Well, tomorrow I am off to a sales conference with Pete Waterman over a book I have requited him to write for us. Can you guess what it’s about?
Born in Coventry, Waterman was a teenage trainspotter at Leamington Spa railway station every Saturday morning. He enjoyed this so much, he began collecting railway equipment – some of which had been stolen, for which he was convicted of receiving stolen goods. Waterman had left school illiterate, not learning to read until the age of thirty-eight. The judge who convicted him gave him six months suspended sentence, subject to him travelling to Wolverhampton on a free pass and making tea for the depot staff. After his six months service, the depot foreman offered him a job as a cleaner, from which he progressed to a fireman. After the closure of the depot, Waterman chose to follow a career in music, being inspired by The Beatles. To supplement his income as a DJ, Waterman became a gravedigger and then an apprentice at General Electric Company, becoming a trade union official.
Building a record collection through rare US imports, his DJ work began to take him across the UK, entertaining bigger crowds with a blend of R and B and soul music tunes he had sourced. Given a residency with the Mecca group, he developed new initiatives including matinee discos for under 18s at Coventry’s Locarno club, which gave him a valuable insight into what music interested a younger audience.
Waterman took up a job as an A&R man and worked in the Philadelphia scene, which included introducing the Three Degrees to the UK. He then moved to Jamaica working with Peter Tosh and Lee Perry and producing Susan Cadogan’s reggae-crossover hit Hurts So Good.
In 1979, Waterman set up Loose Ends with Peter Collins, the first coming under the name 14-18 with a single inspired by World War I – “Good-Bye-Ee,” and then hits with artists like Musical Youth and Nik Kershaw. He then set up his own company PWL (Pete Waterman Limited), in 1984, quickly signing producers Matt Aitken and Mike Stock, who produced the Whatever I Do for Hazel Dean. The trio formed the team Stock Aitken Waterman, who became one of the most successful musical production teams of the 1980s.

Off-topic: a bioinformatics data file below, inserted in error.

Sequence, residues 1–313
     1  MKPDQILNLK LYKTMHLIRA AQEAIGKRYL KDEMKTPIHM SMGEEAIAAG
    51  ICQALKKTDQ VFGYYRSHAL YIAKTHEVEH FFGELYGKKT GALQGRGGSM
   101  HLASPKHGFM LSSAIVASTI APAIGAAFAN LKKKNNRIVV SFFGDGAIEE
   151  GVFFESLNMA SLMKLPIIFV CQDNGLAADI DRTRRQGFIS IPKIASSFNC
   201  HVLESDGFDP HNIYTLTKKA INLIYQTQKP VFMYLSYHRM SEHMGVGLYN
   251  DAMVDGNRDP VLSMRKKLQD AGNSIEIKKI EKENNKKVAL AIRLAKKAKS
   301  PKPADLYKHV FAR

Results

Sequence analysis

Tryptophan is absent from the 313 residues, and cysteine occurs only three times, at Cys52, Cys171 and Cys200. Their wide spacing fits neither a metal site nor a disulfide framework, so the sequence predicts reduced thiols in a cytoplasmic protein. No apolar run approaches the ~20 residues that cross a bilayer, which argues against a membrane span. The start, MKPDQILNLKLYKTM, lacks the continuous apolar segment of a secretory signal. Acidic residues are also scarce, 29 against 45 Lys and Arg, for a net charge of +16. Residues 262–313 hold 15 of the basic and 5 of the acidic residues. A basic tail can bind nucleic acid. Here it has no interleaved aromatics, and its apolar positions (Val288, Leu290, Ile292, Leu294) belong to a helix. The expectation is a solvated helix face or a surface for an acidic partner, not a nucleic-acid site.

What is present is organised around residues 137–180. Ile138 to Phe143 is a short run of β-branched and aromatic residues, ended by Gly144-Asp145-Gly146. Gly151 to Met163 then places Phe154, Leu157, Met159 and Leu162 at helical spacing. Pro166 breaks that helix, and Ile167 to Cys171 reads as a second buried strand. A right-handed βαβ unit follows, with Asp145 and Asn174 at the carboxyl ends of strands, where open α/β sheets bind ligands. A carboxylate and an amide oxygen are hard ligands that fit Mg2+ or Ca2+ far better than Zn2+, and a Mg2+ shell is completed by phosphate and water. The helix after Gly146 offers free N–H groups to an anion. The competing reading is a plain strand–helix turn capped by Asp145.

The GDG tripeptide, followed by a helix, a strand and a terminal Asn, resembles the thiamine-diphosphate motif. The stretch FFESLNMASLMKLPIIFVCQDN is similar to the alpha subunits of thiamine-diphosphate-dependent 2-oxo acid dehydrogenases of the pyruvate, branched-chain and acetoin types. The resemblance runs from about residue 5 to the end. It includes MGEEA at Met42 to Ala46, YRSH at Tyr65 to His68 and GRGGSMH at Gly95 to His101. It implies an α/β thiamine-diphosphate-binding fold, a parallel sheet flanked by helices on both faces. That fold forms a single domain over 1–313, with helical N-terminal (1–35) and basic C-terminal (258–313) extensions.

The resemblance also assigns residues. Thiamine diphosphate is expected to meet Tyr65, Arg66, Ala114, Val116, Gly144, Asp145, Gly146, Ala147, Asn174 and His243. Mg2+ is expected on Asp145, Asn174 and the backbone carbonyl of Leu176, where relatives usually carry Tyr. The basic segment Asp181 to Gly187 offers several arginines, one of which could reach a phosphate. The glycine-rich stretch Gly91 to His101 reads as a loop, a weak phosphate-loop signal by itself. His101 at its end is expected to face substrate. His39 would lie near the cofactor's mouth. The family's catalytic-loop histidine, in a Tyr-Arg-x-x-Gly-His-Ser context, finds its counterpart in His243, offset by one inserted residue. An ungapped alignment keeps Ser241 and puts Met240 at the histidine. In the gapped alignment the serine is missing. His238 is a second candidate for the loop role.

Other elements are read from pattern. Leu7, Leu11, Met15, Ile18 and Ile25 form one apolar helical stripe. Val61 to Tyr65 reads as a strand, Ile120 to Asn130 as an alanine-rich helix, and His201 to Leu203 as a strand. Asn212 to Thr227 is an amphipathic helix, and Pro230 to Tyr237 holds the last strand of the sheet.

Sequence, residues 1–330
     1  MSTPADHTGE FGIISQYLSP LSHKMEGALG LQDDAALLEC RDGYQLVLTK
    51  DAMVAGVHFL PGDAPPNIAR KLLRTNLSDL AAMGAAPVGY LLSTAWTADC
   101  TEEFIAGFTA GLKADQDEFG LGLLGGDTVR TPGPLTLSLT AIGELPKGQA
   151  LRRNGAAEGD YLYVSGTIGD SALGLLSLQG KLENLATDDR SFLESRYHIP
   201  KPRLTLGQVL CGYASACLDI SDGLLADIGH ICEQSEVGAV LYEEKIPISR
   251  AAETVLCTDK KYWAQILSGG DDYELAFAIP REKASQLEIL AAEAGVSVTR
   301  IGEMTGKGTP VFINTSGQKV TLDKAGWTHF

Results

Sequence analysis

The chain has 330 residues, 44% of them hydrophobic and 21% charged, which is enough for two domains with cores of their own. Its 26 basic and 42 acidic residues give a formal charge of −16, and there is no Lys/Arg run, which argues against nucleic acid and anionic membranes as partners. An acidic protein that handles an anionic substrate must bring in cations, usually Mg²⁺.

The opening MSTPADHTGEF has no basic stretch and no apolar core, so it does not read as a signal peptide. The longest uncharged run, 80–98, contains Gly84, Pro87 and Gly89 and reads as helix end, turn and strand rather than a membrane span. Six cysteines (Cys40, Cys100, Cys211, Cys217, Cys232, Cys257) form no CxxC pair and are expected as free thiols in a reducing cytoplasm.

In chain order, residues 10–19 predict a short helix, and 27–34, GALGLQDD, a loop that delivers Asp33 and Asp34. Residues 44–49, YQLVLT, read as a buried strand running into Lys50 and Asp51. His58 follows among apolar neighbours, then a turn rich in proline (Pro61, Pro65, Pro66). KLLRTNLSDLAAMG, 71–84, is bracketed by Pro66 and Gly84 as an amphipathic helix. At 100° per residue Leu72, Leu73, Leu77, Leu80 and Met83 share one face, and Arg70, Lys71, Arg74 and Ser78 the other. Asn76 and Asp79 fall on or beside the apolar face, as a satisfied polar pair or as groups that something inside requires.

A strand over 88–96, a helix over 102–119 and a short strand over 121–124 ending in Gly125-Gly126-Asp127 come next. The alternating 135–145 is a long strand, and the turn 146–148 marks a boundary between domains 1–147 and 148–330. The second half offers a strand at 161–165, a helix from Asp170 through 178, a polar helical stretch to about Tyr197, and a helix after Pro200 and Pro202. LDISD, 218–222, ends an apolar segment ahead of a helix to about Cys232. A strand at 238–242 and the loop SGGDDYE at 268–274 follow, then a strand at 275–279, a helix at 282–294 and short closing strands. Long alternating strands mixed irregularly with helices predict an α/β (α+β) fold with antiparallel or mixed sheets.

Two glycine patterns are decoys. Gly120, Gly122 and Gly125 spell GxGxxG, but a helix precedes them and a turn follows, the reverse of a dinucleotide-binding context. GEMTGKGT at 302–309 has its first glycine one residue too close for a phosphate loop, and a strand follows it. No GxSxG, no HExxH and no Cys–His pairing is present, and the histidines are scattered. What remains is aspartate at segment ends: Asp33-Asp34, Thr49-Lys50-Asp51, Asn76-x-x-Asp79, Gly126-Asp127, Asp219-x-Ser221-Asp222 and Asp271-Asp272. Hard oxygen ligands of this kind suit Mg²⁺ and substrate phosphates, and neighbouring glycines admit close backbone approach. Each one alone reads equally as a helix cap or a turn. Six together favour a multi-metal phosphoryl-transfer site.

To date, Waterman has scored a total of twenty-two UK number one singles with his various acts and he claims upwards of 500 million sales worldwide (inclusive of singles, albums, compilation inclusions, downloads, etc). Pete has also appeared in the Steps video “Tragedy”.
Waterman co-presented The Hitman and Her with Michaela Strachan. He also presented a show on Radio City.
In more recent years, Waterman has appeared as a judge on both series of Pop Idol in the UK, and also Popstars: The Rivals, the latter leading him to become manager of the winning boy band One True Voice. Waterman said to rival judge Louis Walsh that if One True Voice failed to reach the 2002 Christmas number one in the UK, he would commit suicide. One True Voice were duly beaten to the number one spot by Girls Aloud, the programme’s winning girl group, managed by Walsh. Waterman returned as a judge for the second series of Pop Idol, but was constantly critical of the eventual winner, Michelle McManus, and was unashamedly unhappy when her victory was announced. Waterman has since said he will not appear on any similar programmes in future